SKOWHEGAN — Once you’ve had freshly milled flour, there’s no turning back.

That was the message from the keynote speaker Thursday at the eighth annual Kneading Conference. Some 200 bread and grain enthusiasts attended the event.

“If you’ve ever had fresh grain — I always compare it to a supermarket tomato and a farmers’ market tomato — it’s really that different,” said Maria Speck, an authority and author on the ancient grains. “It’s that different when you mill it and when you eat it. We don’t just eat to be healthy. If your food doesn’t taste good, you won’t eat it.”

Speck said the ancient whole grains that are coming back into favor in the United States are not processed — the original hull, fiber and germ are ground up together to make a very tasty — and healthy product, which is easier to digest and more tolerable for people with gluten sensitivity.

She said whole grains such as einkorn, emmer, spelt and kamut date back to the earliest agriculture practices and were used for centuries. Those grains, which still have a hard hull, were difficult to process, thus contributing to their fall from favor with the advent of industrial milling around 1870, according to Speck.

But industrial milling had its drawbacks in food taste and food nutrition, Speck said.

“It was the first time that an industrial change in food production didn’t improve our food,” she said. “It was making us sick.”

That milling practice led to modern flour — fluffy, industrial flour — that caused new problems with digestion in some people, mainly bloating and discomfort.

“If modern day wheat gives you discomfort, the try some of these ancient wheats, they are wonderful — I always tell people to try it,” she said. “When you buy whole wheat in a grocery store, what do you get? The grain is put into the mill, it is separated into bran, endosperm and germ and at some point it is reconstituted — combined — and sold to you as whole wheat and it’s not whole wheat — some parts of the grains are lost.”

Speck is the author of “Ancient Grains for Modern Meals,” a cookbook for which she was honored with the Julia Child Award, from the International Association of Culinary Professionals.

Speck said another variety of ancient grain — red fife — is processed in Skowhegan, at the Somerset Grist Mill. Speck said she had never tasted red fife wheat, but said it is a part of the “beautiful revival” of heirloom wheat and was immediately taken with its flavor.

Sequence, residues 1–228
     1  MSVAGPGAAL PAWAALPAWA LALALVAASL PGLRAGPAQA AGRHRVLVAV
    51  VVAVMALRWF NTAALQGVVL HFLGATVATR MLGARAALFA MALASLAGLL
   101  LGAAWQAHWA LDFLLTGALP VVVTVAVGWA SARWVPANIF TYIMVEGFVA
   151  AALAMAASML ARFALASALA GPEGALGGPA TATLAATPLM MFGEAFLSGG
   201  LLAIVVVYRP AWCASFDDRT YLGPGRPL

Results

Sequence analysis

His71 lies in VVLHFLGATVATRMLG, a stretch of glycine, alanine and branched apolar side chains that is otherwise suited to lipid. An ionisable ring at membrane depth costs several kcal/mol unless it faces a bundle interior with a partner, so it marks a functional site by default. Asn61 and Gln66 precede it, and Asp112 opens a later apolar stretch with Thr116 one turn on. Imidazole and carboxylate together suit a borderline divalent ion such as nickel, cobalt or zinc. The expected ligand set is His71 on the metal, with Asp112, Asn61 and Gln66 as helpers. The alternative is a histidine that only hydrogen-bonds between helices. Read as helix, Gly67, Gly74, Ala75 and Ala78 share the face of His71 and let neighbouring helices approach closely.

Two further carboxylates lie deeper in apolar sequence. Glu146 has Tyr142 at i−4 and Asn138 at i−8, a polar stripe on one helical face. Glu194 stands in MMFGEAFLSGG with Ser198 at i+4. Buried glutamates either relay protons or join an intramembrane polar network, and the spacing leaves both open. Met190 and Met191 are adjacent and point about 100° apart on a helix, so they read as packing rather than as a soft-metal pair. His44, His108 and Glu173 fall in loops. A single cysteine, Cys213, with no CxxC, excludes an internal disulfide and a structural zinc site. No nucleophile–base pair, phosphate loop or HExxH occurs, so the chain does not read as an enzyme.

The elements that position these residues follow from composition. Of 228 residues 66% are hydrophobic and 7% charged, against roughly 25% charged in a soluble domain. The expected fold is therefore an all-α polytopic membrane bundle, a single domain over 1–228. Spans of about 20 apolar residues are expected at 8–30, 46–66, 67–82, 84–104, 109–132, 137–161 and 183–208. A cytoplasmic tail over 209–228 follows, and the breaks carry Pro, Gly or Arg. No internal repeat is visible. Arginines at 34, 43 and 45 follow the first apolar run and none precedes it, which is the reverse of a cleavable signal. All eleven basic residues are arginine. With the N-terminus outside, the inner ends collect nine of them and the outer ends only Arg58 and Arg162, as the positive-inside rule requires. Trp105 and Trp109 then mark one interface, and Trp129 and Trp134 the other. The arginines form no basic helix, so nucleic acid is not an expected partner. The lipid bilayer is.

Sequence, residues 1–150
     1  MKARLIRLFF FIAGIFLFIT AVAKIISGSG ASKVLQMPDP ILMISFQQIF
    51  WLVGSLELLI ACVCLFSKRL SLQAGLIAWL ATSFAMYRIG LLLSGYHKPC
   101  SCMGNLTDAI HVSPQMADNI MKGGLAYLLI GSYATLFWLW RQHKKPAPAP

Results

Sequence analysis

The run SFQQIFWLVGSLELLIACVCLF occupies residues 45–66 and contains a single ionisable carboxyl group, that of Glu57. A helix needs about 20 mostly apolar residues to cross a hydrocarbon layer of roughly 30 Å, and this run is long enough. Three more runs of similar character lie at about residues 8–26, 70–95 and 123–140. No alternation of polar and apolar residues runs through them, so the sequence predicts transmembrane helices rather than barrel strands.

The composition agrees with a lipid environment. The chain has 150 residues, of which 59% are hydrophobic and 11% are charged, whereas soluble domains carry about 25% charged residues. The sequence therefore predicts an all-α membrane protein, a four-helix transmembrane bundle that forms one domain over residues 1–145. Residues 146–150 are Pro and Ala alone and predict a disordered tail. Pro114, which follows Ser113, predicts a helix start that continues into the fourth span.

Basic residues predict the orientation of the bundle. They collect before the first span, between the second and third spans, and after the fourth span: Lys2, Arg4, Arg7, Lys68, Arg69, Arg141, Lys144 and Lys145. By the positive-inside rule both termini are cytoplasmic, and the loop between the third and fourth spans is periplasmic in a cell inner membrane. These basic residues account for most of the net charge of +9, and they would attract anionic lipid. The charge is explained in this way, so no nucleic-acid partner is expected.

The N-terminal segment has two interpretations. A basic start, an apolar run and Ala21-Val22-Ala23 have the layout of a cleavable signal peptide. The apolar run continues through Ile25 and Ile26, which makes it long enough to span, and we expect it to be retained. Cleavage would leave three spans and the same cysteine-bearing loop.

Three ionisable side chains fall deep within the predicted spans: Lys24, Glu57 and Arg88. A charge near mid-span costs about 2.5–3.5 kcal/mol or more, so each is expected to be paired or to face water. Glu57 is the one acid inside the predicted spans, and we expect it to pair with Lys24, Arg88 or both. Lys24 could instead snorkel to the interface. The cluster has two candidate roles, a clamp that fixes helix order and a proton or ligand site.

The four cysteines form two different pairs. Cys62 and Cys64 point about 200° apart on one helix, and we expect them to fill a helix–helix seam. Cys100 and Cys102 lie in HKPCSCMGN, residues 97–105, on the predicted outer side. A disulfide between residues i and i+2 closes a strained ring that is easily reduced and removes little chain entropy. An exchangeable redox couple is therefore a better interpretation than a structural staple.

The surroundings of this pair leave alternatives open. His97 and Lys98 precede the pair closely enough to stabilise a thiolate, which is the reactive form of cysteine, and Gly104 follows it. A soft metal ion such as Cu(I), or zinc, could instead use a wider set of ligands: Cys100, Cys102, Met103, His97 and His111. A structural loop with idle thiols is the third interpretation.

“It’s absolutely mesmerizing, it’s so delicious and the flavor just blew me away,” she said. “I’d never had red fife before.”

Grist mill founder Amber Lambke, who also is chairman of the Maine Grain Alliance, the Kneading Conference host organization, said the grist mill is including some of the ancient grains in Maine for production, including red fife and einkorn wheat.

“We’re milling flour on a stone mills and preserving the identity of what kind of variety the grain is, where it was grown and when, so that customers can have freshly milled, intact flour,” Lambke said.

The Texas-based Whole Foods Market chain recently chose Maine Grains from Lambke’s Somerset mill to supply 10 tons of the heritage red fife flour for a new honey and wheat baguette the supermarket began producing. The baguette is baked at the Bread & Circus bakehouse in Medford, Mass., which supplies baked goods to more than 70 Whole Foods locations.

Kristen Fehlhaber, a journalist from Boston who was on hand Thursday to spread the word about the Kneading Conference on Facebook and Twitter, said Speck’s message will resonate with people who are interested in the farm-to-table revival.

“With her focus on ancient grains and everyone here really interested in whole grains and baking locally, we’re just trying to get the word out on the conference,” Fehlhaber said. “From Maria’s talk, I thought it was just great that she was making it really acceptable to use the whole grains.”

Deborah Richardso,n from Utica, N.Y., said she came to Skowhegan for the conference because of her interest in heritage foods and bought one of Speck’s cookbooks.

“We have a beautiful renaissance of grain growing in New York state — I thought her presentation was wonderful,” Fehlhaber said. “The takeaway from her piece is becoming familiar with the fact that there is an array of grains out there, ancient grains, but also the approach to it, that each one has a different flavor in our cooking — don’t be afraid in the kitchen.

“People sometimes are scared off from getting in the kitchen and just playing with food. She takes a real honest approach to cooking. Even the mistakes taste good.”

The conference continues Friday with a demonstration of wood-fired baking and making pizza with the heritage einkorn wheat.

Saturday is the day of the Artisan Bread Fair, which last year drew about 3,000 people to sample bread and pastries, as well as pizza baked in a wood-fired oven. Books and equipment for baking at home will be available, and professional bakers will be on hand to answer questions. The fair also will feature live music, exhibits of antique baking tools and kitchen linens, demonstrations and Maine-made food.

Doug Harlow — 612-2367

[email protected]

Twitter: @Doug_Harlow


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